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Elections for Assembly of Experts Puts Spotlight on Future of Leadership in Iran

Source: International Campaign for Human Rights in Iran

photo by Mohammad Babaei, Islamic Republic News Agency

Although Iran’s Assembly of Experts has the power to select or depose the supreme leader of the Islamic Republic, it has never been seen as an influential body. The image of this popularly elected body of Islamic jurists and scholars that generally comes to mind for the average Iranian is a rubber-stamp chamber full of very old men. As such, past elections for the 86-member body have not generated much excitement.

But the advancing age of the current supreme leader, 76-year-old Ayatollah Khamenei, and health issues that have included his recent bout with prostate cancer, have turned the upcoming elections, slated for February 26, 2016, into a real fight.

Before the mass public protests that followed Iran’s disputed 2009 presidential election, which were violently put down by the state, the Assembly of Experts hardly made any news. Since then, cracks between competing political factions in Iran have deepened.

Primarily, these fissures are between hardliners, who are led by Khamenei and dominant in the Assembly, the Parliament, the Judiciary, and Iran’s intelligence and security agencies, and more moderate factions, which include the centrist Rouhani administration as well as various reformist political groupings.

The possibility that the future chosen leader may not be as hardline as the ultraconservative Khamenei has intensified the ruling faction’s sense of insecurity. Given the ultimate power and authority that the supreme leader has in Iran, hardline factions are trying to ensure that their current majority in the Assembly of Experts will be preserved in the upcoming elections to the body, and that they will thus be able to control the election of Iran’s next supreme leader.

Concern over the future among pro-Khamenei hardline conservatives has increased so much over recent months that they have initiated debate on a topic previously considered taboo: What will happen when Khamenei dies?

“May God protect the Leader and give him a long life. Nevertheless, we must think about the period after him.... The people must be very careful in who they vote for in the Assembly of Experts elections. They must choose wisely. They must pay complete attention to the status of this body,” said Ghorbanali Dorri Najafabadi, a member of the Assembly of Experts’ Governing Board, on May 18, 2014. He called on people to cast their vote in a way that would not “damage” the Assembly.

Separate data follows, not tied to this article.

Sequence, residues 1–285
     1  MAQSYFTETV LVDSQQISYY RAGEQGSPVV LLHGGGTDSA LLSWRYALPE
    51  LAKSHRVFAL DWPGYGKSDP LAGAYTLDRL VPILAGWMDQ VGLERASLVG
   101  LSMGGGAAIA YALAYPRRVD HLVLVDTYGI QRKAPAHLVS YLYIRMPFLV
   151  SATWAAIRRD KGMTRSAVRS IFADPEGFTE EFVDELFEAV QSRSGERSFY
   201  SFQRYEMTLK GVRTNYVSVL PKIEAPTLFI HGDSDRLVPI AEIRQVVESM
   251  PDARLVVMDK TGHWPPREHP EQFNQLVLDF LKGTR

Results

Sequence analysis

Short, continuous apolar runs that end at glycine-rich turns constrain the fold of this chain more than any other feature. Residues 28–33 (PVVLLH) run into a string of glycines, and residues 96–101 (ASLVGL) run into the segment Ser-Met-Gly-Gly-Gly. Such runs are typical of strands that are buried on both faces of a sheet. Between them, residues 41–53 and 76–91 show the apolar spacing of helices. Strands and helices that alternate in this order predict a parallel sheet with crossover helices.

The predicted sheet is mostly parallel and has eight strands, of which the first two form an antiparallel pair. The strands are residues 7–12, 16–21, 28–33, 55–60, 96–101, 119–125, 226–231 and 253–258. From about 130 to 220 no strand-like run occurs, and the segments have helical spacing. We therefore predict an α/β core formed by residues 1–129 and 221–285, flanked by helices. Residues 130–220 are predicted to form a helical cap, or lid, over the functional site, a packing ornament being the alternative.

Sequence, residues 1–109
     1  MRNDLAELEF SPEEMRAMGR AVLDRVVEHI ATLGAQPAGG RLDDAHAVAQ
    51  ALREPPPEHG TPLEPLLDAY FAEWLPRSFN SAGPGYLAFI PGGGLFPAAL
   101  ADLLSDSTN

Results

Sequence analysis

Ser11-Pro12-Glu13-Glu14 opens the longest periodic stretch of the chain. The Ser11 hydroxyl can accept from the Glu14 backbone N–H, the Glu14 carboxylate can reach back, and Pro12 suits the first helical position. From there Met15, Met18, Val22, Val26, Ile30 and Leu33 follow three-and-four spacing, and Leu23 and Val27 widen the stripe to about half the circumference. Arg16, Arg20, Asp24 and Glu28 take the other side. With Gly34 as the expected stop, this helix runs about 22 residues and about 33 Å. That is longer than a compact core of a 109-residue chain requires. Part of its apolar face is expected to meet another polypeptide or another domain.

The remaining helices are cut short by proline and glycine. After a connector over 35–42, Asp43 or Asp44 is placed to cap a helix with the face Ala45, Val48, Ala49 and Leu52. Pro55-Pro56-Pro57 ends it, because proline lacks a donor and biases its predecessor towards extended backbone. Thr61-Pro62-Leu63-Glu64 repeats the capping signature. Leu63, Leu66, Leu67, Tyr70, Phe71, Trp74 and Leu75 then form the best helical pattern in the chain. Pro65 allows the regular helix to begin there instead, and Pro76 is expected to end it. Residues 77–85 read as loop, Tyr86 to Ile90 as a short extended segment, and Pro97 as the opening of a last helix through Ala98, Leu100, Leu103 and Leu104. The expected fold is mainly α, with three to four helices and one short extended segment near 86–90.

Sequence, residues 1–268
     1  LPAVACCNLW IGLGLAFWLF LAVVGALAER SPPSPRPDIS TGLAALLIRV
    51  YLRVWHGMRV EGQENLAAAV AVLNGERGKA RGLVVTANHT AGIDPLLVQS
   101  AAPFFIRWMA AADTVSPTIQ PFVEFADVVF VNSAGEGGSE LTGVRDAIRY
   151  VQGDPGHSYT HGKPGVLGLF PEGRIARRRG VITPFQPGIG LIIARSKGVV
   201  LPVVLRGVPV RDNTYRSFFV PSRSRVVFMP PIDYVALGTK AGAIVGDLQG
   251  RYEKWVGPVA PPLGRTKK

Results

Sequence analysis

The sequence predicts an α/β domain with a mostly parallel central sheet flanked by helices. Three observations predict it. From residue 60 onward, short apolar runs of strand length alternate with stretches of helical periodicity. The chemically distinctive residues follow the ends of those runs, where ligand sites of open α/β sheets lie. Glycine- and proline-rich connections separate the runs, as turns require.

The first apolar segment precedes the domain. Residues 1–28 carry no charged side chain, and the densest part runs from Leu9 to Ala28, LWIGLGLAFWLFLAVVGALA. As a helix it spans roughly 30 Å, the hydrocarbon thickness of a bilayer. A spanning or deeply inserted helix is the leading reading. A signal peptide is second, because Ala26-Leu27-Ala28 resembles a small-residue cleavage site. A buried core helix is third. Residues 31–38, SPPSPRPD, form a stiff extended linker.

A few months later, a senior member of the Association of Combatant Clerics, which is allied with Khamenei, also expressed concern about the consequences of the leader’s mortality. “I’m worried. But my worries don’t concern the present leadership. No member of the Assembly of Experts would dare stand up to the Great Leader of the Revolution Seyed Ali Khamenei. But the problem is after him. May God protect him...but what happens after him is important,” said Ayatollah Mohammad Ali Movahedi Kerman.

Khamenei’s allies were not the only ones thinking about the future. After losing a bitter battle for the Speakership of the Assembly of Experts in March 2015, Hojatoleslam Akbar Hashemi Rafsanjani, the powerful former president of Iran and current Chair of the Expediency Council, who has often been described as a pragmatic conservative and who has in recent years aligned himself with reformist factions, said his defeat was not going to impact his effectiveness. “In sensitive times I don’t have to be the Speaker to have an impact. I am still a member of the Assembly’s Governing Board. If the time comes for choosing a new leader, I can still speak and give my views,” he said.


The elections for the previous (fourth) session of the Assembly of Experts took place in December 2006, during Mahmoud Ahmadinejad’s first year as president. Ayatollah Ali Meshkini retained his seat as well as his Speakership of the Assembly. In August 2007, Meshkini died and Rafsanjani easily won the Assembly’s vote to replace him as Speaker. But Rafsanjani’s gradual political downfall began after Ayatollah Mahdavi Kani’s victory in by-elections to fill the Assembly seat left vacant by Meshkini.